Housebuilder ‘pleased’ as CMA cites ‘insufficient evidence’ of mis-selling 

The competition regulator has closed its three-year investigation into alleged mis-selling of leasehold homes by the UK’s biggest housebuilder, Barratt, citing lack of evidence.

The Competition and Markets Authority (CMA) said in an investigation update published this morning on its website that it has “now closed its case”, after concluding that the evidence available was “insufficient to support a clear legal case for the CMA to secure collective redress for Barratt leaseholders under its consumer law powers”.


A Barratt development

The decision will be seen as a victory for Barratt compared to rivals Taylor Wimpey, Countryside and Persimmon, all of whom were forced by the CMA to make formal undertaking to change their practices and deliver redress to their customers following parallel investigations into their practices.

The investigations followed a scandal which arose in 2016 over the selling of homes on a leasehold basis, many of which had onerous contract terms including some with doubling ground rent clauses that quickly rendered the properties unsellable. The CMA initially launched a probe in June 2019, before naming the four housebuilders as its targets in September 2020.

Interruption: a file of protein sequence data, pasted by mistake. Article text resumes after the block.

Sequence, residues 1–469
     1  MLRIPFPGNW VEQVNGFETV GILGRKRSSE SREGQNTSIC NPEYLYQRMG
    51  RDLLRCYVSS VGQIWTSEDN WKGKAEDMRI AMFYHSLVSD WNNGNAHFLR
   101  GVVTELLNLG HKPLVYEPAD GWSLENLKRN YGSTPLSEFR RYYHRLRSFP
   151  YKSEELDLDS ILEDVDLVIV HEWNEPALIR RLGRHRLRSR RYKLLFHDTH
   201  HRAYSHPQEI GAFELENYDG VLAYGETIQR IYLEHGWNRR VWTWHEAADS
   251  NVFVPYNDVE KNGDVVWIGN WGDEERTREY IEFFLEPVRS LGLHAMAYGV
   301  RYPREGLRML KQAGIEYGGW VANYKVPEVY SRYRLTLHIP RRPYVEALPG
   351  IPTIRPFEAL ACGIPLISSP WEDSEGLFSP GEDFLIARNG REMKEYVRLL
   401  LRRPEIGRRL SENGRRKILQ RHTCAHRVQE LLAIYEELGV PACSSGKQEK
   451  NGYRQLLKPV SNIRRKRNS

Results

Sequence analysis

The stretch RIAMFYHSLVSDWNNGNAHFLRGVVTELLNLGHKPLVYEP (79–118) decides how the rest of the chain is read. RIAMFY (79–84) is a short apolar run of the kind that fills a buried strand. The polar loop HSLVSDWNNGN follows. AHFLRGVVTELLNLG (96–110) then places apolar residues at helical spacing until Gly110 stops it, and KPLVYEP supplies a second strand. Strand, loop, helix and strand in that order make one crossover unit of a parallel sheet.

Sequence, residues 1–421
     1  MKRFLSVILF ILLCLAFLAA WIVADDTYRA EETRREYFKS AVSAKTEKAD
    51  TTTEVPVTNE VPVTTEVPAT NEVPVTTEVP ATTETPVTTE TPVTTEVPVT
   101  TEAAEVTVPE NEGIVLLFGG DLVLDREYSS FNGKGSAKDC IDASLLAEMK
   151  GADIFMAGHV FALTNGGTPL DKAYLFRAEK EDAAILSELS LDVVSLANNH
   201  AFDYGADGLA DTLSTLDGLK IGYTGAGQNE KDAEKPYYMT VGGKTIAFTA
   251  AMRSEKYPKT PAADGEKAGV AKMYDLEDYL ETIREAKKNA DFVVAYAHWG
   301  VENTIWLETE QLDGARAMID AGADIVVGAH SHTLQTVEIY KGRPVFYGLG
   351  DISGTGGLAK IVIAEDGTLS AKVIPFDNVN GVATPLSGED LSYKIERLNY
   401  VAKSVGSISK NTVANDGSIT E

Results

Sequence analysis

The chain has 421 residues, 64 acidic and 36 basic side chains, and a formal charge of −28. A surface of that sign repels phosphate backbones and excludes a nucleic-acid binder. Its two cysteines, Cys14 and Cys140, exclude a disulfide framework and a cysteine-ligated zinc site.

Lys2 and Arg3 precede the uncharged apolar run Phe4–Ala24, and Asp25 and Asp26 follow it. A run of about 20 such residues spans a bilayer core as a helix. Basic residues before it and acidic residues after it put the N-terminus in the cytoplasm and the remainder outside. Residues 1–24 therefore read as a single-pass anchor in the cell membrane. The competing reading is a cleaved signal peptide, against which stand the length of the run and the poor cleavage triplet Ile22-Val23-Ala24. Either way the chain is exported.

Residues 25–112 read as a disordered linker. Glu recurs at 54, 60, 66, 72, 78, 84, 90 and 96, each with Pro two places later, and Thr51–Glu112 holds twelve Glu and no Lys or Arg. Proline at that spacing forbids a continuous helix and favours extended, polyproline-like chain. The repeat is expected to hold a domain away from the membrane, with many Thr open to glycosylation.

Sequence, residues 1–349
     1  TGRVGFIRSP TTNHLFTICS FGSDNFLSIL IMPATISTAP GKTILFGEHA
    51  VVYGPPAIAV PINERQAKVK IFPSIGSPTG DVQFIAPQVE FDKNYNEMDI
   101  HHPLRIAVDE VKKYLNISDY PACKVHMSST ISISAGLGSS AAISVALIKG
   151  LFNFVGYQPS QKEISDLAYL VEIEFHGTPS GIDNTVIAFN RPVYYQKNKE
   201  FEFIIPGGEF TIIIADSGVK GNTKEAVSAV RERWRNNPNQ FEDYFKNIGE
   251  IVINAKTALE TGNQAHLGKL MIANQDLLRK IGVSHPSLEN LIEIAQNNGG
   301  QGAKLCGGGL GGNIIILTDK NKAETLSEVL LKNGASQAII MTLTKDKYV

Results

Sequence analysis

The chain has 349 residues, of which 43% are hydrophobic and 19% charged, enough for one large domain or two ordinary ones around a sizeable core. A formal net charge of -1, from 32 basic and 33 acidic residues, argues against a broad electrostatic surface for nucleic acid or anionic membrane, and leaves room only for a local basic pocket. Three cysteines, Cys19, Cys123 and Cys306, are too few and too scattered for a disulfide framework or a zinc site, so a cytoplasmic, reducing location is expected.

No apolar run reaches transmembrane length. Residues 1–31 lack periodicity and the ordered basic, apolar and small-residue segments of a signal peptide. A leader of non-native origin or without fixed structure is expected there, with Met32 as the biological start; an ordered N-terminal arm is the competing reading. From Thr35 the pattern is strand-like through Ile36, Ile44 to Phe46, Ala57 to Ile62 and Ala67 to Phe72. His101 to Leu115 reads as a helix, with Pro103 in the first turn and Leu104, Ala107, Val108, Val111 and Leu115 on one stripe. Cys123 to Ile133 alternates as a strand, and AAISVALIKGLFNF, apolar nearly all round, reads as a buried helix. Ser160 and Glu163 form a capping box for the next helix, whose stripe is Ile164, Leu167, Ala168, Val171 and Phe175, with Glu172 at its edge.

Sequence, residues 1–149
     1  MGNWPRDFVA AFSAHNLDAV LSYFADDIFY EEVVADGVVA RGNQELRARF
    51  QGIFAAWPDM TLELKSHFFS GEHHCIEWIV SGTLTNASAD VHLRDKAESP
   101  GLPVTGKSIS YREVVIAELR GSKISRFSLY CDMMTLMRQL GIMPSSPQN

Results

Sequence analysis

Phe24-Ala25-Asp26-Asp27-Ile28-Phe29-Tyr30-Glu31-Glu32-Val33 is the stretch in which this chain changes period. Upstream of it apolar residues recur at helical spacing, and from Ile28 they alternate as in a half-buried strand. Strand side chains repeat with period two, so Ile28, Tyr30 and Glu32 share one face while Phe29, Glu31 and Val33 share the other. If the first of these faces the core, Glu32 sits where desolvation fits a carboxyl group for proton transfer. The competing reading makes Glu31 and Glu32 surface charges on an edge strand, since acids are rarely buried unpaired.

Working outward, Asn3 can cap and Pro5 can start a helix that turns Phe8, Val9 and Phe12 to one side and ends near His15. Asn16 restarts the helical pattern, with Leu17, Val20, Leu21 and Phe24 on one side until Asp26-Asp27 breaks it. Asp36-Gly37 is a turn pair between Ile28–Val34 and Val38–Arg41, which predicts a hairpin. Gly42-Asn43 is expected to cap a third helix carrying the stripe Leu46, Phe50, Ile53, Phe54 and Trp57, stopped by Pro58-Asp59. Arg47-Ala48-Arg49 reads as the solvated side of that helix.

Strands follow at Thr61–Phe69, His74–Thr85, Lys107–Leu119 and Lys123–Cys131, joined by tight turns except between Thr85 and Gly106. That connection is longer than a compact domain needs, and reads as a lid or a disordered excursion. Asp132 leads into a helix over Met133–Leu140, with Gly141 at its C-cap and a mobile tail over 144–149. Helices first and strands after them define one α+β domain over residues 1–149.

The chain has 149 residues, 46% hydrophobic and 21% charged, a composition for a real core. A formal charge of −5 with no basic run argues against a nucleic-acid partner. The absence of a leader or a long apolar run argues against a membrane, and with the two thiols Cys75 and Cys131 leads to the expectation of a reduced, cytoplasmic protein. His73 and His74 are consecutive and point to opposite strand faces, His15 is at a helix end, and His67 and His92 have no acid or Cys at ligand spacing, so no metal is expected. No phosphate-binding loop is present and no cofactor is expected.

All of the housebuilders were accused of the mis-selling leasehold houses and flats, such as by using high-pressure sales tactics, failing to explain what ground rent was, failing to explain that properties could also be purchased on a freehold basis, or misleading buyers as to the cost of later converting the leasehold property to freehold.

Taylor Wimpey and Countryside were also additionally investigated for using potentially onerous contract terms in the sale of homes, and have undertaken to change their contracts and compensate affected customers.

The CMA said its decision regarding Barratt followed “careful scrutiny of the evidence gathered”, and that the probability of a successful legal case was “unlikely to change with further investigation and consequently continuing with the case would not be a good use of resources.”

It said: “Barratt’s sales practices have changed, and they no longer sell leasehold houses.”

Barratt issued a statement saying it was “pleased to note” the announcement of the closure of the investigation made by the CMA. It said: “Barratt has worked constructively with the CMA throughout. Barratt is committed to putting its customers first and has been awarded a 5 Star rating by its customers for 13 successive years, more than any other major housebuilder.”

However, campaigners for homebuyers were quick to raise concerns about the move, with the Twitter account for Colindale Cladding Victims branding the decision “Very weak”. It tweeted: “CMA statement does not exactly give confidence that Barratt did nothing wrong, so why let them off the hook?”